A few months ago, I mentioned that Max and I were taking a break from Teach Your Child to Read in 100 Easy Lessons. The lessons had become quite tedious, and neither one of us was having much fun. So we switched to the BOB books, played with our whiteboard, and learned sight words.
But then, at the beginning of the summer (and as we sat down and made some goals), I thought it might be time to give the structured lessons a try again.
Lo and behold, it was like working with a different child. Suddenly, we were getting through an entire lesson with nary a tear or a complaint. He was sounding out words smoothly and effortlessly. He was remembering what he learned and applying it to reading in real life. My jaw was practically dropping open, I was so shocked by the transformation.
This experience taught me three things: sometimes a little growing up can go a long way, it never hurts to try again, and remaining flexible is absolutely essential.
When Maxwell made his goals for the summer, we decided to try to get to Lesson 70 in the reading book. He was at Lesson 50, and I thought twenty lessons was a reasonable goal, especially because we do each lesson twice.
Why do we repeat each lesson?
In Teach Your Child to Read in 100 Easy Lessons, a second reading is worked into every lesson. There are instructions for what to do the first time through and what to do the second. Still, I know parents who use this method and skip the rereading, so it's definitely not a requirement.
But here's why I think rereading is so, so, so, invaluable:
When Max reads the story through the first time, it is halting and slow. He has to stop and sound out words, which often makes him lose his place and distracts him. When he comes at it again, the sentences are more seamless, simply because he's already navigated the territory once before. Think of a pioneer blazing a trail across the prairie. The imprint of the path becomes deeper and more familiar with each footstep that passes over it. It is the same with rereading.
Because the flow isn't broken as much the second time through, it makes the sentences easier to understand. Instead of a mass of disjointed words, they come together to express an idea.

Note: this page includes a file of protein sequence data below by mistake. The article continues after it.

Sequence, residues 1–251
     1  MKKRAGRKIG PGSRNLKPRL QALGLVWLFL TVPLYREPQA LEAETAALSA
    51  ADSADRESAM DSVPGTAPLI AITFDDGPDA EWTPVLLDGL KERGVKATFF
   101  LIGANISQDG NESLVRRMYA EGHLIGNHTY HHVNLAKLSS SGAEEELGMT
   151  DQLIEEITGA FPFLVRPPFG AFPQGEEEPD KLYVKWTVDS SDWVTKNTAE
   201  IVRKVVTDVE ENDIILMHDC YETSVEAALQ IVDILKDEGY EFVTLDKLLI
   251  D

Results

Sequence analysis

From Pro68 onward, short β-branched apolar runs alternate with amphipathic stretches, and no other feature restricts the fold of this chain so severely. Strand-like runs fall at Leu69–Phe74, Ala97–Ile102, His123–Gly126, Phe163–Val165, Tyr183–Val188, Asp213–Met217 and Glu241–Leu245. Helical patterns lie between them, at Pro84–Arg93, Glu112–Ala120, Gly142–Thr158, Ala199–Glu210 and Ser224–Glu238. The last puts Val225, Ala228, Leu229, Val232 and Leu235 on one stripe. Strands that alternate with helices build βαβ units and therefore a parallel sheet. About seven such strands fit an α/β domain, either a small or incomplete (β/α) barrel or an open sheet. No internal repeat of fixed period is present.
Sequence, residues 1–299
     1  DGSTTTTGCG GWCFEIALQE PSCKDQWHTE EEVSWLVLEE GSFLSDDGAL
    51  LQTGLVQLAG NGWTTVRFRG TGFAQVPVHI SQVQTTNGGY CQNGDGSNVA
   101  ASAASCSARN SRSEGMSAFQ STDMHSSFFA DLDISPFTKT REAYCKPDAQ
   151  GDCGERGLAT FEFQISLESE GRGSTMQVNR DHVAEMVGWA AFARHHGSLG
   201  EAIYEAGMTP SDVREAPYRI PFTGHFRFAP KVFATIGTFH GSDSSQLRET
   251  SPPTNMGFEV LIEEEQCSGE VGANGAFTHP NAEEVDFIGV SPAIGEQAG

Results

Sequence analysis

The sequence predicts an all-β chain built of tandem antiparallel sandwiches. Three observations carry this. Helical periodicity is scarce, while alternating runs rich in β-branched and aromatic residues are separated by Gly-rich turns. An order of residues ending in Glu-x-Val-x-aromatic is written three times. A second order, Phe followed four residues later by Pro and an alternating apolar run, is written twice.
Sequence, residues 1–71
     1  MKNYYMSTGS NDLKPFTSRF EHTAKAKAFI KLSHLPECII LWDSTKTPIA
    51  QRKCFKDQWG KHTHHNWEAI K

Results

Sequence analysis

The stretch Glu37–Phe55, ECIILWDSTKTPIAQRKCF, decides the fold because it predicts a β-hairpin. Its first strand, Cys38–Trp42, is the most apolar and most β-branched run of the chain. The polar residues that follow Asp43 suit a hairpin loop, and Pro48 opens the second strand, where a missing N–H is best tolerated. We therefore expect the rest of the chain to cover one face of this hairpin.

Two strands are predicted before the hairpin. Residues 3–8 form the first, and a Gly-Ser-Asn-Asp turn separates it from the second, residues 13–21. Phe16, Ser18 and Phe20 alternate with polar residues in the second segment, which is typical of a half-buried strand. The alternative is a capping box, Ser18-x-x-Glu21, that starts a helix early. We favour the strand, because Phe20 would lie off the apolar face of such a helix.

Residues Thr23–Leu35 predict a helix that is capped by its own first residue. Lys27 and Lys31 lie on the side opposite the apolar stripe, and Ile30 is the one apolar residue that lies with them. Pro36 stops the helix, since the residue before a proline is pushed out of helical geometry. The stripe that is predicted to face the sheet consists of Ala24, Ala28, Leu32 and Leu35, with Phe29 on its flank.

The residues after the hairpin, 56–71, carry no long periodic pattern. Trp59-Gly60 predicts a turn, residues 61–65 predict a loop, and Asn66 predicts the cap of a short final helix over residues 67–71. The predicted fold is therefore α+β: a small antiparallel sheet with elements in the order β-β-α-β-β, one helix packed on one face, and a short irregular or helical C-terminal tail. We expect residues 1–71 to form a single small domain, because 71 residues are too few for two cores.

Increases word recognition
The more times you see a word, the easier it is to remember it. So if you read the word "mother" seven times in the first reading, you get it seven more times in the second reading, and by the end you hardly need to think about it anymore.
This is the real reason I am so adamant about rereading. If you only have your child read through something once, all he knows about reading is that it's tedious and long and a struggle. Every time he reads, he feels overwhelmed. He doesn't feel like he's getting better because each lesson introduces new words he's never seen before. But, if you have your child read through the same material a second time (or even a third or a fourth), the flow and the comprehension and the recognition will all come together, and he will feel like a real reader. He will feel so proud and may even want to demonstrate his skills for a grandparent or aunt or uncle.
A couple of weeks ago, I recorded a portion of Max's reading session. You'll notice some of the things I already mentioned: slow, laborious, lots of sounding out, easily distracted, etc.
Then a day or two later, I recorded him reading the story a second time. We've done a lot of reading lessons together, but even I was shocked with the results. He read the same portion in less than half the time and hardly stumbled over any of the words.
As far as videos go, these aren't very exciting, and I don't expect you to watch them in their entirety. However, I really wanted you to be able to see the noticeable difference between a first and a second reading.
Of course, every child is different, and depending on the age and temperament of your child, he/she may not benefit as much from rereading. You will have to decide. But I definitely think it's something worth trying, especially for a child who might just need a little boost of confidence to enter the next phase of reading.
(For more Raising Readers posts, click here.)